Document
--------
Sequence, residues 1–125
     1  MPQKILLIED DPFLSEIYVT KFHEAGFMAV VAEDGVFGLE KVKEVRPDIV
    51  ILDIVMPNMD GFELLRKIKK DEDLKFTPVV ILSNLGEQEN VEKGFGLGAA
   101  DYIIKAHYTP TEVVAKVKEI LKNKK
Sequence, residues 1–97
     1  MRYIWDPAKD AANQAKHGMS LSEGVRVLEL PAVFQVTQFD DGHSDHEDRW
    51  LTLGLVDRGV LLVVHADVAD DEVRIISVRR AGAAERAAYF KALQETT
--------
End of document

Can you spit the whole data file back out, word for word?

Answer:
Sequence, residues 1–125
     1  MPQKILLIED DPFLSEIYVT KFHEAGFMAV VAEDGVFGLE KVKEVRPDIV
    51  ILDIVMPNMD GFELLRKIKK DEDLKFTPVV ILSNLGEQEN VEKGFGLGAA
   101  DYIIKAHYTP TEVVAKVKEI LKNKK
Sequence, residues 1–97
     1  MRYIWDPAKD AANQAKHGMS LSEGVRVLEL PAVFQVTQFD DGHSDHEDRW
    51  LTLGLVDRGV LLVVHADVAD DEVRIISVRR AGAAERAAYF KALQETT